I've admired ballet dancers for years. For their grace, for the practiced ease with which they move, for their flexibility and strength, for their poise. It's only in the last year, though, that I've admired latin dancers. Being older than a young girl, ballet seems difficult to learn as an adult, though certainly possible. However, it's easier to learn while your body is still as pliable as a child's, when you can train and discipline your body to move with apparent effortlessness. Latin dance appeals, on the other hand, because of its accessibility. What is most required in my personal favorite, salsa dancing, is passion. This passion in dance does not come effortlessly to me, but it's amazing how much the philosophy of latin dance spills over to my outlook on life.
I met Ricardo right around the time I was falling in love with dancing salsa. The more I danced, the more I realized I've been a tightly closed flower, now beginning to open up and breathe. Slowly, I stopped listening to my self-conscious voice, warning me not to make a fool of myself doing something I might fail at. I guess you could say I kicked up my heels and started dancing off my lack of confidence. Dancing began showing me about the way I am in relationships, about how I feel about myself as a woman, about my approach toward life. It also began teaching me about this technique that's not a technique at all, which Ricardo lovingly refers to as feeling the music.
The best salsa dancers are not necessarily the ones who have practiced technique for hours upon hours, or taken class after class. Technique can be learned and mastered. But no one can fake the passion of feeling the music while dancing, and no one can masterfully dance salsa without this ability. The dance may be perfect in form, but it will fall flat. It will fail to inspire. Because latin dance is all about passion, about letting go of self-consciousness and inhibition and learning to follow the voice of the music.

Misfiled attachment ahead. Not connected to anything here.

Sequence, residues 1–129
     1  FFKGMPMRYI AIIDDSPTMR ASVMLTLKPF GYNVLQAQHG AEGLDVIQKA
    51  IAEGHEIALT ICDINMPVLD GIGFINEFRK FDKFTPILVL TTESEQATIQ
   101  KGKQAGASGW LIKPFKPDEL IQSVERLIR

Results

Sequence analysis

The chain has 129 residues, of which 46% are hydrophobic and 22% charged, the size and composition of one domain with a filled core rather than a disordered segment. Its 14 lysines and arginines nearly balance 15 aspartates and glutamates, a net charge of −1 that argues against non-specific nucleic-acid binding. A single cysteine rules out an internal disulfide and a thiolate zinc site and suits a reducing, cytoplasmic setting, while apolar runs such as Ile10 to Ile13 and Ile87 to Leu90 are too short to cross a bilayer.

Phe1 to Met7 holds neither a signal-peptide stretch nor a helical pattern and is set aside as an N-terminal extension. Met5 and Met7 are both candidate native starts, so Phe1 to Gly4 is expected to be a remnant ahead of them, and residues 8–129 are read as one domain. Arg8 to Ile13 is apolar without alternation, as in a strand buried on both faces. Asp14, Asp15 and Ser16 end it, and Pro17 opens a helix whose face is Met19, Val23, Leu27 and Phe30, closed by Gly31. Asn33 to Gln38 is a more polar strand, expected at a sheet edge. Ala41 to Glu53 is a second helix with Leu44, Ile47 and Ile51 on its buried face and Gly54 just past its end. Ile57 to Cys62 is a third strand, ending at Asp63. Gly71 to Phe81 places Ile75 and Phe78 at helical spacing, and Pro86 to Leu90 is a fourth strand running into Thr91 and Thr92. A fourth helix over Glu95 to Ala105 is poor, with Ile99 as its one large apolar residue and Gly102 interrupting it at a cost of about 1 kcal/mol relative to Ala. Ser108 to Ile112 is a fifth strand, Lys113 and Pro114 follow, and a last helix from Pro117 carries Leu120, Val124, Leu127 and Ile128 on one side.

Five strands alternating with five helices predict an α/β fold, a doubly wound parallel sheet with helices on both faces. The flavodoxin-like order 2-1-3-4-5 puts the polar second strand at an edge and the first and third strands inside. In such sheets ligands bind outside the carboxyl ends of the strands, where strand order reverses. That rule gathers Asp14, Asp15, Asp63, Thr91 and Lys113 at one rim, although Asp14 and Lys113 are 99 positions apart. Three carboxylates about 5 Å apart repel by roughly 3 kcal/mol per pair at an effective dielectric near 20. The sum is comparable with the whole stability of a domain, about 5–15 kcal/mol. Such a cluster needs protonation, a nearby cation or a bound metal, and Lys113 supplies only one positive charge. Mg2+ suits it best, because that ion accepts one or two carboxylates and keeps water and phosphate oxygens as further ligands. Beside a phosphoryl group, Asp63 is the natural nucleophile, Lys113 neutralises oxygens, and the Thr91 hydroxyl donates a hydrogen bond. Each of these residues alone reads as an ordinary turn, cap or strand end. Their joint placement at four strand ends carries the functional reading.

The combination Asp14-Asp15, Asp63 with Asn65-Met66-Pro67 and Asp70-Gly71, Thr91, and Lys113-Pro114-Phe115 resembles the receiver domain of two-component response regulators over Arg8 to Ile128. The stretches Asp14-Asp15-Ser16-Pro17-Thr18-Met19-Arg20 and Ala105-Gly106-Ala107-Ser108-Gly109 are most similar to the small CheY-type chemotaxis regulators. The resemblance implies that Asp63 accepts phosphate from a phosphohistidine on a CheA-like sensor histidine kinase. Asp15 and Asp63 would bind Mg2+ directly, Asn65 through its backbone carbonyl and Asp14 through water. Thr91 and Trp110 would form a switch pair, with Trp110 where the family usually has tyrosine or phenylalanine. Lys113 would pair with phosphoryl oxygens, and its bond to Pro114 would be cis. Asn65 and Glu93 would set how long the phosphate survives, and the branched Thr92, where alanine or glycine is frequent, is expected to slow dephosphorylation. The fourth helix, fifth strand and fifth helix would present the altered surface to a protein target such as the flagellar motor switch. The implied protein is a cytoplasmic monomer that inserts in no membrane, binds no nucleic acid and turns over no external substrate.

Sometimes I like to close my eyes while dancing with Ricardo, especially if we're in a very crowded room. I am prone to attention-deficit disorder while dancing, so big crowds can be disastrous for me, distracting me from hearing the music. When I close my eyes, it takes a moment to adjust, but then I pick it up - the heartbeat of the music - and slowly I begin to follow. Pretty soon I'm smiling with my eyes closed, dancing freely, unaware of how I look, only how I feel.
Over time, I guess how I am on the dance floor is teaching me something valuable about dancing in life. Recognizing the value of technique and classes, of discipline and training, I know the real treasure lies in letting go and diving into life each day with a passion to feel the music and follow it, risking mistakes and feeling foolish, trusting I am capable of going with the flow of the music. Which for me translates to, following the flow of the Spirit's music each day. Not that it has to look "spiritual", but that following God is more like a passionate dance, more like feeling the music and going with it than learning a technique. For that reason, dance for me is neither secular nor sacred, but a medium through which I can enjoy the freedom of movement, and in a broader sense, the free-flowing twists and turns of life. It's about accepting who I am, someone beautiful in her own unique expression, and growing comfortable in my own skin as I try to keep in step with the Spirit each day.
I think we were created to be dancers.